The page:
• Improved emergency communication between school officials and law enforcement, an effort involving a local vendor.
  • Window film to provide one-way viewing and increased classroom security.
  • Audible door sensors to provide warning when a door is breached.

"As these technologies are tested and proven, the superintendent will make the determination as to which will be implemented countywide," Dr. Maddux says. "Our hopes are to determine strategies that can be implemented in any school system – with no regard to boundaries – to protect all children."

Dr. Maddux says it is important to note that none of the safety measures being tested includes guns within a classroom.

"We are not advocates of this approach, and fear that arming teachers would be detrimental to school safety," he says.

"Through the use of exterior cameras and other smart technologies, we should be able to identify a threat the moment they arrive on campus," Dr. Maddux says. "Upon identification, messages can be sent immediately to the school administration and local law enforcement before that person has the chance to enter the building."

Metal detection wands provide the principal with an opportunity to intercept the detected person outside the building and determine the threat.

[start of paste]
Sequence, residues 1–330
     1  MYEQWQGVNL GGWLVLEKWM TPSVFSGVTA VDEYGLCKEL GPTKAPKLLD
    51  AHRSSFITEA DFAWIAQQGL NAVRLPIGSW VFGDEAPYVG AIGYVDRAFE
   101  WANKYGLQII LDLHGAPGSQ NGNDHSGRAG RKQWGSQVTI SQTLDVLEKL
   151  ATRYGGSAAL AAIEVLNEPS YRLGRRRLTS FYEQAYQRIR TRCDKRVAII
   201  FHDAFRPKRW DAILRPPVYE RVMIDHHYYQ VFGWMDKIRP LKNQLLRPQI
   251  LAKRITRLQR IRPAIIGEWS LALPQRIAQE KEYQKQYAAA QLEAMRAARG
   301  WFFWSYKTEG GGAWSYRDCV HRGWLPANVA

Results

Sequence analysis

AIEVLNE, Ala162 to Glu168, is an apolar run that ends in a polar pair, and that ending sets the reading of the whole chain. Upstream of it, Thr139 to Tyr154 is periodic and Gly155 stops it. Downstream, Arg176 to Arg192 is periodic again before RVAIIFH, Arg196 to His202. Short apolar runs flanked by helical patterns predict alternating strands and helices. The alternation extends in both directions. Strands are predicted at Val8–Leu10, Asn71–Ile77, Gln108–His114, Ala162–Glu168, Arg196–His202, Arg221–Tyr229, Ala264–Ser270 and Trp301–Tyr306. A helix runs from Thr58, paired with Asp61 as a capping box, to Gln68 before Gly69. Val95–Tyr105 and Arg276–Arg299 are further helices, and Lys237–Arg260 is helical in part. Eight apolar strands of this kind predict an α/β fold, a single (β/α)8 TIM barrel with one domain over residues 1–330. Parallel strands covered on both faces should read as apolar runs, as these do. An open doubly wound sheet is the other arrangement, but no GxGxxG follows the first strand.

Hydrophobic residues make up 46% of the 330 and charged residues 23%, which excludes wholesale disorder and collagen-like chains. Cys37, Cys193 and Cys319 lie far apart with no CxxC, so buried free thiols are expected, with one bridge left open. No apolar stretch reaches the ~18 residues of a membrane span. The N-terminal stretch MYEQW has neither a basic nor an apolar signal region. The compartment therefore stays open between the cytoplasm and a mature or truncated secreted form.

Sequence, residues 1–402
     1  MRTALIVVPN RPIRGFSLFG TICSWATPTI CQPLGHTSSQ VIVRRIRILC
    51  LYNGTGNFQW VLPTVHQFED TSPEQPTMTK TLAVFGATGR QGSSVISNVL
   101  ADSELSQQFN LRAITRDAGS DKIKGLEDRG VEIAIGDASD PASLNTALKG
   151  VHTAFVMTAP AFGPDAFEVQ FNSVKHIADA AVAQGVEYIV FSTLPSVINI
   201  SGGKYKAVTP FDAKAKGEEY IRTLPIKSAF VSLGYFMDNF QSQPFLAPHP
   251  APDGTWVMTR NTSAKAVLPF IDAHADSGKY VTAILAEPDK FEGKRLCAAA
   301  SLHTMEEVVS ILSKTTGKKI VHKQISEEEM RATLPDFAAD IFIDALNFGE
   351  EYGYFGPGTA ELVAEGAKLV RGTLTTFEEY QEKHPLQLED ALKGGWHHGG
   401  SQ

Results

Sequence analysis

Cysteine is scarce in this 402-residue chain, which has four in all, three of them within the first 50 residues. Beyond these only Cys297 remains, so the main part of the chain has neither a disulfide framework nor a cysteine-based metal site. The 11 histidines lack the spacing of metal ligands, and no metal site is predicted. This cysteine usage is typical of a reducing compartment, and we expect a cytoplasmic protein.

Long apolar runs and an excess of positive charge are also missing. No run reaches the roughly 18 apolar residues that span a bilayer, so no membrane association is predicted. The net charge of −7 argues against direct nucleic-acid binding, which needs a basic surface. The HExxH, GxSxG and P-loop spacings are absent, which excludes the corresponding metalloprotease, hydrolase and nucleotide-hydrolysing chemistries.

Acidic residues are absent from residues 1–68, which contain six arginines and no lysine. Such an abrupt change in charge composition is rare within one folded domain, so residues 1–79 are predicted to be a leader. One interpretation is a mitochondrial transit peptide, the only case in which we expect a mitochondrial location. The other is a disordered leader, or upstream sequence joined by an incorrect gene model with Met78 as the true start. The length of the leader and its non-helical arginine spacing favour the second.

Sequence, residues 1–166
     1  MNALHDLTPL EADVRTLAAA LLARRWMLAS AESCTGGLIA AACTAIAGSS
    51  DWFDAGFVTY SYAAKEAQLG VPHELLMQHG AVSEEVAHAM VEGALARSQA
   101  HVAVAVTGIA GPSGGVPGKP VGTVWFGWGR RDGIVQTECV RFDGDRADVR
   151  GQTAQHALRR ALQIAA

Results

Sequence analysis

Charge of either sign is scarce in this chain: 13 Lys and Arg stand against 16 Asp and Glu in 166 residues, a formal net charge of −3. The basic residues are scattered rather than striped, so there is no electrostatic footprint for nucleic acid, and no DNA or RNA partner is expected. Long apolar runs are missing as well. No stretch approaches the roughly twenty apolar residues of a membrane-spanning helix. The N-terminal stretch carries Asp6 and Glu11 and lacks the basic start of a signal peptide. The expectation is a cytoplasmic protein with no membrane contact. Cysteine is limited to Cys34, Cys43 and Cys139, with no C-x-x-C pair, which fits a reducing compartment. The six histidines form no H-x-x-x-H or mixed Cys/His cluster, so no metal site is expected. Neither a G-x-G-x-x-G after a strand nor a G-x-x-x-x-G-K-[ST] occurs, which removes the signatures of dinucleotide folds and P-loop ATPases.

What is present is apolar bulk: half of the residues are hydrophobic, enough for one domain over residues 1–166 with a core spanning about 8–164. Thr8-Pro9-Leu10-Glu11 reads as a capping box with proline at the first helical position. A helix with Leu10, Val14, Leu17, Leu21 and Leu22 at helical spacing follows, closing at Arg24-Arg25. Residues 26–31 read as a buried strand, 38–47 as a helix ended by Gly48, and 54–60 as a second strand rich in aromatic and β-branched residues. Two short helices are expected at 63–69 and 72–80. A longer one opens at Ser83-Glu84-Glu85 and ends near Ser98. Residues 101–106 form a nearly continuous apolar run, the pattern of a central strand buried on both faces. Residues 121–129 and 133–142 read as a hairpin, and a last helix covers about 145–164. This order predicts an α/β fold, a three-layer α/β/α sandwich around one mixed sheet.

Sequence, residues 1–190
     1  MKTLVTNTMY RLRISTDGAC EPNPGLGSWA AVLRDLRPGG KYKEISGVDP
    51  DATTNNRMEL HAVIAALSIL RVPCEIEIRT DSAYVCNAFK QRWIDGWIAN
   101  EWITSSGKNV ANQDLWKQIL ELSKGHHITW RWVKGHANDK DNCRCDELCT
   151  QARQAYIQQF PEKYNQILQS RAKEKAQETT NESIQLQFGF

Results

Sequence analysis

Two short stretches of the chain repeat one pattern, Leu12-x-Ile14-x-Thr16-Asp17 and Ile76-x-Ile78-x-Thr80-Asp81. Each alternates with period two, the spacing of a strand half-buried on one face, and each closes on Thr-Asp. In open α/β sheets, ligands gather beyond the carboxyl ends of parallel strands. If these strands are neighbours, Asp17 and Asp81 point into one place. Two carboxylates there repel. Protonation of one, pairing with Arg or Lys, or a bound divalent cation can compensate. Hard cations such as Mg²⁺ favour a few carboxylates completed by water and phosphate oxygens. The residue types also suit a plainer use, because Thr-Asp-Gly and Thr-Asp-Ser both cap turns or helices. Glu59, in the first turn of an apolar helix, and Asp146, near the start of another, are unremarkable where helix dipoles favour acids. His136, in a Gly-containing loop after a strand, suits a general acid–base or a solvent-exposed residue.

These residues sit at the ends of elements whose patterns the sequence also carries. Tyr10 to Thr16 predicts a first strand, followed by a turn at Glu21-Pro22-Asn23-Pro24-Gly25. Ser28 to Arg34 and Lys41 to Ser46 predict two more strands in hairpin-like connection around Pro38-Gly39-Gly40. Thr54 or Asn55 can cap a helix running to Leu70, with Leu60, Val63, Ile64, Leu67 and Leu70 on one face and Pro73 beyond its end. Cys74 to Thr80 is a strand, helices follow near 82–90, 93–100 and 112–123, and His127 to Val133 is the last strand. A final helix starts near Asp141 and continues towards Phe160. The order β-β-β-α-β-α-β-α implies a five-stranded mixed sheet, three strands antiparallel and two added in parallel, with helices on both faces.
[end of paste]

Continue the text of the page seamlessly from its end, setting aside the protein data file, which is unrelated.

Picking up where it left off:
"The technologies and tools that have been provided not only address safety from a strategic aspect, but from a financial and cost-effective aspect, as well," says Principal Davidson. "The new technologies that have been provided by UAH have allowed Skyline School to have an eye in the classroom for safety purposes. This will allow us to be able to react to an emergency situation in a more timely manner."

Cameras, sensors, communication systems and access to Alabama GeoHub mapping and photography provide comprehensive situational awareness.

"In many cases, we are the first group of users to try some of these actions, and thus are in part helping prove out or enhance the capabilities of the GeoHub," Dr. Maddux says.

Applying UAH’s resources to the need for school safety is a natural fit, Dr. Maddux says.

"Universities are a storehouse of knowledge and young, energetic talent," he says. "Harnessing that talent to address issues such as school safety is an extremely valuable asset, and one that other schools could easily adopt."

The work is both rewarding and challenging, he says.

"The rewards include seeing tangible progress through immediate implementation within a school," Dr. Maddux says. "Those participating also recognize the stakes – you cannot afford to get it wrong."